Pope knew choice of Chilean bishop would cause furor on abuse issue, confidential letter reveals
January 12, 2018
Pope Francis was fully aware of a Chilean bishop’s contacts with a notorious priest-abuser when he appointed the bishop to head a Chilean diocese in 2014, the Associated Press has revealed.
In January 2015, the Pope provoked outcries when he named Bishop Juan de la Cruz Barros Madrid to head the Osorno diocese. Bishop Barros had been a close friend of Father Fernando Karadima, a priest convicted on multiple charges of sexual abuse. As public protests against the Barros appointment arose, a group of Chilean bishops wrote to the Pope, urging him to reconsider his choice.
In a January 31, 2015 reply to the Chilean prelates—which has been obtained by the Associated Press—the Pope acknowledged that he was aware of the controversy that would surround the appointment. Going further, the Pontiff told the bishops that during the previous year, his apostolic nuncio in Chile had encouraged Bishop Barros to resign from his duties as bishop for the country’s armed forces, and to take a leave of absence, in order to ease the protests caused by the bishop’s friendship with Karadima.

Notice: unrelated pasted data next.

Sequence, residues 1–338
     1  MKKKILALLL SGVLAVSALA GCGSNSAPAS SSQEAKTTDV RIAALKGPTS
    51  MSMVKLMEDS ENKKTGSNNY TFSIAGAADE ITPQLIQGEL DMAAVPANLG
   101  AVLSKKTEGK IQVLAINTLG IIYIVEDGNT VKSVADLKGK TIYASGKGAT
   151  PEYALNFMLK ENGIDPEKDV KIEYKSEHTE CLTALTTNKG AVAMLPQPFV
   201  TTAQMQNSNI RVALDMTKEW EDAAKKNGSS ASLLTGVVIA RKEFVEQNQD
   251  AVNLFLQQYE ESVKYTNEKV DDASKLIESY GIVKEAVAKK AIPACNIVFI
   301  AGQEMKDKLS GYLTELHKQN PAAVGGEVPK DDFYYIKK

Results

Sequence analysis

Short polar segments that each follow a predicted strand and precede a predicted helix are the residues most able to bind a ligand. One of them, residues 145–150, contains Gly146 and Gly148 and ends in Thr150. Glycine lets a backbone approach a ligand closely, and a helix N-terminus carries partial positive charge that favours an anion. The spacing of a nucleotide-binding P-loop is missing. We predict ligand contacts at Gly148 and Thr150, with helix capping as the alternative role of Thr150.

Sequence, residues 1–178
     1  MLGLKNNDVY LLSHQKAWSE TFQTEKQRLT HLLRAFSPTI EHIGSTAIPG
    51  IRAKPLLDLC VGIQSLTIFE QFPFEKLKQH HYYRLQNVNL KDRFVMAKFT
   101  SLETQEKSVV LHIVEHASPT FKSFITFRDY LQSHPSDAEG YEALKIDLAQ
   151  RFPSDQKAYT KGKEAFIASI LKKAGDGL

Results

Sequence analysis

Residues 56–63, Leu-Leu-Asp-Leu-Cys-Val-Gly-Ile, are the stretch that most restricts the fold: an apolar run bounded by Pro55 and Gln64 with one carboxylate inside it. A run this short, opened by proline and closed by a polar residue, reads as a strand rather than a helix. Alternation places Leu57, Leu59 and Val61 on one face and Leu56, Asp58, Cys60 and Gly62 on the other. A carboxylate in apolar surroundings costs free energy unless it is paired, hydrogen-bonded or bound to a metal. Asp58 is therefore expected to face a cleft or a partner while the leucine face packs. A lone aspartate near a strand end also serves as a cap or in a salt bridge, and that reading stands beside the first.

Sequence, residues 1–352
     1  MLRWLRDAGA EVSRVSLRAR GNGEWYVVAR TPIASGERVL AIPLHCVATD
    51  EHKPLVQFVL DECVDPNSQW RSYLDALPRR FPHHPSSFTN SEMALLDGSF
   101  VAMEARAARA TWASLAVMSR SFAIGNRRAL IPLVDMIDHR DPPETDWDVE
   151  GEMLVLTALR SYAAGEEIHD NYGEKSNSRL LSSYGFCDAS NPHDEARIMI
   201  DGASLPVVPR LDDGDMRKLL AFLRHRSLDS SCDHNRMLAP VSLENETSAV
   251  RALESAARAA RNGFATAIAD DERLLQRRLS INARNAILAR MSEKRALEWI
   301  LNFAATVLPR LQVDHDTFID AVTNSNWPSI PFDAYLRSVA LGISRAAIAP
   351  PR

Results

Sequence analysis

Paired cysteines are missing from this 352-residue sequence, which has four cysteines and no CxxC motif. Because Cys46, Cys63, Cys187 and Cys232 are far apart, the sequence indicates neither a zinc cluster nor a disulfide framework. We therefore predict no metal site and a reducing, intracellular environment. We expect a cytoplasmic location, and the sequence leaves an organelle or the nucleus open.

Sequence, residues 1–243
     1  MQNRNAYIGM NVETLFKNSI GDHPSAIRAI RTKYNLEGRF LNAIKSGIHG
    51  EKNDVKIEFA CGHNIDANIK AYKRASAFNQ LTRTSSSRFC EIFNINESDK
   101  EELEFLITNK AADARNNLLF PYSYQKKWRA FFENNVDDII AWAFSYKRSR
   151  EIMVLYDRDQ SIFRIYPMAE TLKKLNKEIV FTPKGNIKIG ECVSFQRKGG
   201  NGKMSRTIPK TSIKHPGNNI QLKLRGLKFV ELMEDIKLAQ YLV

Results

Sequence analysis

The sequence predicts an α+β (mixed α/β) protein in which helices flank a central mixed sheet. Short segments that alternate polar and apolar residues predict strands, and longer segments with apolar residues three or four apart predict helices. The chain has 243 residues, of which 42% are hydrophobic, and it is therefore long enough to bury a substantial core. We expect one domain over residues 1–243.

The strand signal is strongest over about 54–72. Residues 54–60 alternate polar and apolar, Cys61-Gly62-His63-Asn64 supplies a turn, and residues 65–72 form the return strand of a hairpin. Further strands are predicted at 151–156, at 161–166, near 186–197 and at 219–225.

However Bishop Barros—who has consistently said that he was completely unaware of Karadima’s misconduct— did not resign. Instead he was given the new diocesan assignment in Osorno, in spite of angry public protests. The bishop now says that he was not aware of the Pope’s letter to his fellow bishops.
At the time of the appointment in Osorno, the Vatican announced that Pope Francis was fully briefed on the facts regarding the ties between Bishops Barros and Father Karadima, and was persuaded that the bishop was innocent. The Pontiff said in 2015 that the complaints against Bishop Barros were “unfounded allegations of the leftists,” and expressed regret that public opinion had been “carried away by the garbage everybody says.”
The revelation that recognized the furor that his appointment was likely to cause will pose a serious public-relations problem as the Pontiff prepares to visit Chile next week.
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